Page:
In the massive Tehachapi Fire, more than 40 homes and 150 structures have been destroyed. The wildfire began on afternoon Tuesday, July 27, 2010 in Tehachapi and quickly spread near the Old West Ranch community, southeast of Tehachapi.
Government Arnold Schwarzenegger announced a state of emergency as a result of both what was being called the West Fire and the ongoing Bull Fire in Riverkern. The announcement frees up additional state resources to fight the fires.
According to officials, 150 structures were threatened and about 200 firefighters were on the scene, with water dropping aircraft.
Almost a dozen volunteers from the American Red Cross-Kern Chapter at the old Jacobsen Jr. High School, 126 S. Snyder St set up a shelter for residents. Less than 10 people had registered to stay overnight at the shelter from late Tuesday evening.
Old West Ranch, the small hill community was evacuated. The area is about 70 miles north of Los Angeles.
A groundskeeper at the California Correctional Institution, Carolyn L’Heureux saw the smoke when she was on her way home from work. She started to the shelter and has heard from friends that her home burned down.
L’Heureux said, “I got through birth so I’ll get through this.” She planned to spend Tuesday night with her daughter in Palmdale.
Even though losing her home, she said she should live in the area again in a heartbeat. She likes the solitude, and said you have to be there to experience what it’s truly like.
L’Heureux’s friend, Merle Carnes, said that it’s the type of community where everyone checks on everyone else to see how they’re doing. The president of the local homeowners association, Carnes said that they will be taking care of people who have suffered losses.
The fire rapidly spread, Wayne Butchko, a residents did not even have time to grab his dentures and he escaped with his two dogs, Feather and Coco. He said, “I could feel the heat on my back. I could see the flames, and the trees were just popping with explosions.”
He said that firefighters have a big job ahead of them, and he expected the wind that kicks up at night in that area will only make things worse.
George Plesco’s hair was scraggly and his shirt discolored, but he was alive. His house on Snowshoe Court was destroyed. Plesco said, “When I first saw it, it was a small fire, but with the wind and the trees it just blew down the canyon.”
Plesco also said that exploding propane tanks blew debris a hundred feet in the air. The roar of the fire sent his cats scattering. He added, “My stomach’s in a knot.”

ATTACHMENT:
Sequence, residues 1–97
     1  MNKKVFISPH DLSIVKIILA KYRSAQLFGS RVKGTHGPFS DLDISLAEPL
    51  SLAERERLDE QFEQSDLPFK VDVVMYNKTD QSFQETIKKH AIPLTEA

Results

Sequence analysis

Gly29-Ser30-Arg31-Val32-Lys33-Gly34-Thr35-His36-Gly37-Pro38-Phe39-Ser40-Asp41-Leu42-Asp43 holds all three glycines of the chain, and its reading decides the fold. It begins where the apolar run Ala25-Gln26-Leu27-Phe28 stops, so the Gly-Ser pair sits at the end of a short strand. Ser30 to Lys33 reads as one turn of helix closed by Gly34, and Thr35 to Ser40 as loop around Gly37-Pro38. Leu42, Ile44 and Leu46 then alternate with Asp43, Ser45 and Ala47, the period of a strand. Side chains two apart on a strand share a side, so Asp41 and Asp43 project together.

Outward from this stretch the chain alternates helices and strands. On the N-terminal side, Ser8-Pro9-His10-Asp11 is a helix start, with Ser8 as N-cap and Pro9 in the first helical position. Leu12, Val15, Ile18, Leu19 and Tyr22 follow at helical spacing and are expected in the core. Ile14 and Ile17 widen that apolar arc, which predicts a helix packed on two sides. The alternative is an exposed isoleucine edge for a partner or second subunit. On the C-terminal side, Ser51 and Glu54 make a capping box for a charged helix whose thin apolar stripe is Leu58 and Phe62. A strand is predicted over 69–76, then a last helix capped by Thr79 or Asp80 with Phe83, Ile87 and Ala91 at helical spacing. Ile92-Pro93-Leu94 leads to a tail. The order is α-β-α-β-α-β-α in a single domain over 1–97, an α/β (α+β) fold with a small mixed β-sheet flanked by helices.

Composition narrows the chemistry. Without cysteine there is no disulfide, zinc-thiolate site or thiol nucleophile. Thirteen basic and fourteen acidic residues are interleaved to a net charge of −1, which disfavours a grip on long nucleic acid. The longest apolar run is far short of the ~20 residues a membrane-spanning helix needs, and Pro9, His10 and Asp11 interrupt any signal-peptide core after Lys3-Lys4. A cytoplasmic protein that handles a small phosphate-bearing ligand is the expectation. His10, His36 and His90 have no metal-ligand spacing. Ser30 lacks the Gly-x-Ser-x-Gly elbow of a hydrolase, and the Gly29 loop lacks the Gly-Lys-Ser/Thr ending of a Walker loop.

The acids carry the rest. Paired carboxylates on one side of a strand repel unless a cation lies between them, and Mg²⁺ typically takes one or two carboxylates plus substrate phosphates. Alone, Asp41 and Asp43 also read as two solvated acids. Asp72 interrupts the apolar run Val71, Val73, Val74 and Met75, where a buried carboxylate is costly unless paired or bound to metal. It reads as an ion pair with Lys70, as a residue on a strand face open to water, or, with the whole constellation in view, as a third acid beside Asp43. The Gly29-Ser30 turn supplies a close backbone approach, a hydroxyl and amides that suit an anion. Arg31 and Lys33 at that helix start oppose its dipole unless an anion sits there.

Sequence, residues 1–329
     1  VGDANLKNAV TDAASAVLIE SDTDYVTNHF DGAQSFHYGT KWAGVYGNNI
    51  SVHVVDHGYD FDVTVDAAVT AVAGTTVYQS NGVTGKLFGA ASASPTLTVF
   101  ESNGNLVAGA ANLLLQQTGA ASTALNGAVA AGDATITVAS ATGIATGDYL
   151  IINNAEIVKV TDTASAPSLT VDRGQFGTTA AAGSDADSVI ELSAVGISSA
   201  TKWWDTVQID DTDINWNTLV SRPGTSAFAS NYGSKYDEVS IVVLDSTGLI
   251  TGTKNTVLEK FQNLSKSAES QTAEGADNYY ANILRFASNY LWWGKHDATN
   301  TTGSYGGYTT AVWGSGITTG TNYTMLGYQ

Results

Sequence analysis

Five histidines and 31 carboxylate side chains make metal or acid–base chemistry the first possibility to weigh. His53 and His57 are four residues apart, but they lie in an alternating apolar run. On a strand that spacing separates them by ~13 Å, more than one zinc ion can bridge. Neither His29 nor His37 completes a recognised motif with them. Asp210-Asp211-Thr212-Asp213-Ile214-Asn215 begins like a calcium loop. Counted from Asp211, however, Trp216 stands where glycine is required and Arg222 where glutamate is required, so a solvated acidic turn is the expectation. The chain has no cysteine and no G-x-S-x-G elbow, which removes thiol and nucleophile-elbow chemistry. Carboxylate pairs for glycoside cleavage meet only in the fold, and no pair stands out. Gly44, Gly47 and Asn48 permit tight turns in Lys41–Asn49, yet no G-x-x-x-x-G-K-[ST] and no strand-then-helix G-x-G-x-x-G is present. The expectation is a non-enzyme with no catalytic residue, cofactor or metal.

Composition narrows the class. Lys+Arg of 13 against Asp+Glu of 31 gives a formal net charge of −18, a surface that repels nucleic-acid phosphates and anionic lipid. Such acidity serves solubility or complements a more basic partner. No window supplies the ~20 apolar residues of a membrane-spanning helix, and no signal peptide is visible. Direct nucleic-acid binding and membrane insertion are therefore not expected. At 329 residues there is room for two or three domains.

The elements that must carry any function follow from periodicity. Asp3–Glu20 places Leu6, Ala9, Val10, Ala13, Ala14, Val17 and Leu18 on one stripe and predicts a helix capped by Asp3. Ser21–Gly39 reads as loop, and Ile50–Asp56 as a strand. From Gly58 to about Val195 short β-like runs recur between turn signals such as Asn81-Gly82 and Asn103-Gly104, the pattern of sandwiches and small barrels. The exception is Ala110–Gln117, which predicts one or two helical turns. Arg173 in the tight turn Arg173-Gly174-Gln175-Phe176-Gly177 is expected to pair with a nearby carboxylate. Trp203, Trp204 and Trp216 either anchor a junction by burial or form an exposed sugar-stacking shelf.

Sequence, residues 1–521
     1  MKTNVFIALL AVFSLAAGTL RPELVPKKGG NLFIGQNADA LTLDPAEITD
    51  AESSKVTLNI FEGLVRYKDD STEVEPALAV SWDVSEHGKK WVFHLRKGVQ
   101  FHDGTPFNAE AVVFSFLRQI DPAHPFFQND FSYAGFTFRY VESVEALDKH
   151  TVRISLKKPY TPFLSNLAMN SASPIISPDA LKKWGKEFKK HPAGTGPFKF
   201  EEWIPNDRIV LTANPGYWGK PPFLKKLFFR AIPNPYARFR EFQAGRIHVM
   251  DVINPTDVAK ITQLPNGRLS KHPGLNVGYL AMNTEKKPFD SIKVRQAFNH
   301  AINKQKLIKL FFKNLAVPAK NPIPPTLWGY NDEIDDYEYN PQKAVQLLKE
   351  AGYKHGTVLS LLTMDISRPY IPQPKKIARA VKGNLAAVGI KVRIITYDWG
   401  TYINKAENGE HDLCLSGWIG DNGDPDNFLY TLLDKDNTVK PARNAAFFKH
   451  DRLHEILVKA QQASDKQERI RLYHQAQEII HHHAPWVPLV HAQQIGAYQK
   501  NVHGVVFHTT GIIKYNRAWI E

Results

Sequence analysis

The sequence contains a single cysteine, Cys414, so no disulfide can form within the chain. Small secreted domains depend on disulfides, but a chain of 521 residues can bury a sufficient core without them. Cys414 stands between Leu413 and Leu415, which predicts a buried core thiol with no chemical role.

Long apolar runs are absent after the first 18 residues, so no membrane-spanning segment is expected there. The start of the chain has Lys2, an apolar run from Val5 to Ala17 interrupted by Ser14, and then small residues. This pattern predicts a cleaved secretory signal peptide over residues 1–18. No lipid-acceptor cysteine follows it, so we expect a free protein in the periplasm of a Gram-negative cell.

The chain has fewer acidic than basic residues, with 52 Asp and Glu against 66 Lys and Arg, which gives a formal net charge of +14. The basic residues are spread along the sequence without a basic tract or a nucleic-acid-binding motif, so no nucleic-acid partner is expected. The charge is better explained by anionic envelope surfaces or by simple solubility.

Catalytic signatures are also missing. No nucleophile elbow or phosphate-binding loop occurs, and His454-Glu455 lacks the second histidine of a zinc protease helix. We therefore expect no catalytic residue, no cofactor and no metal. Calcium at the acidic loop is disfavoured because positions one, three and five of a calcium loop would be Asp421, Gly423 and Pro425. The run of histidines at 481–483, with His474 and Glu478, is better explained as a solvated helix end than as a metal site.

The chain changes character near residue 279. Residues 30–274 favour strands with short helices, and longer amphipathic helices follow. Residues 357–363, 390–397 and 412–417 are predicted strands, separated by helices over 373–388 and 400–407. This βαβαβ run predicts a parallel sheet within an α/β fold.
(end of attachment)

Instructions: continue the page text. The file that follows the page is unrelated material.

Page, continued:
Volunteer of Red Cross, Diane Arends said shelters have been set up in Tehachapi before, but nothing of this magnitude. She said a lot of people seemed relatively upbeat considering the circumstances.
The fire had burned an expected 500 acres at about 6 p.m. From Los Angeles County, scores of county firefighters were at the scene with reinforcements arriving.
Firefighters said, at 3 p.m., the fire started on Blackburn Canyon Road. Fire destroyed through Snowshoe Court and Snowshoe Lane.
Kern County fire spokesman Anthony Romero said, “The wind has been a big factor. It’s changing on us a lot. Now it’s blowing from the southeast, going over a couple of ridges.” Romero added that there was zero containment.
The devastated area is a unique, self-sufficient community said that a resident, Mark and Kassandra McQuillen, out pushing their 2-year-old daughter when they saw the fire go over the ridge. Kassandra said that they live minimally. Everything you take for granted these people have already given up. Mark McQuillen added, “It’s off-the-grid living.”
Mike Niccoli, a reside on Summers Drive near Mountain Valley Airport, said that about 4 p.m., the fire had been burning in the heart of Old West Ranch, a rural enclave southeast of downtown Tehachapi, for about 2 1/2 hours. He also said, “I’ve got a lot of friends up in Old West Ranch and we’ve been calling. We can’t get a hold of anybody. We see a huge amount of traffic going out of the area so we figure the fire department is evacuating.”
Niccoli said he was about two miles from the blaze and could see flames topping the tall pines in the area. He could also judge, the flames were at least 100 feet high.
“We’ve heard a lot of propane tanks going off. I’ve been up here for 10 years. I’ve seen fires, but never as bad as this,” Niccoli said.
In the lower elevations, residents parked along the roads and watched the fire from the distance. After dark, Summers Lane road leads into the affected neighborhood, looked like the site of a great battle.
Fire is spit out from the branches of Oak trees. Wooden barriers that once sheltered livestock burned and smoked, half-consumed by the flames. Embers blew traverse the dirt roads like hot orange confetti farther up the hill and this neighborhood had been forever changed.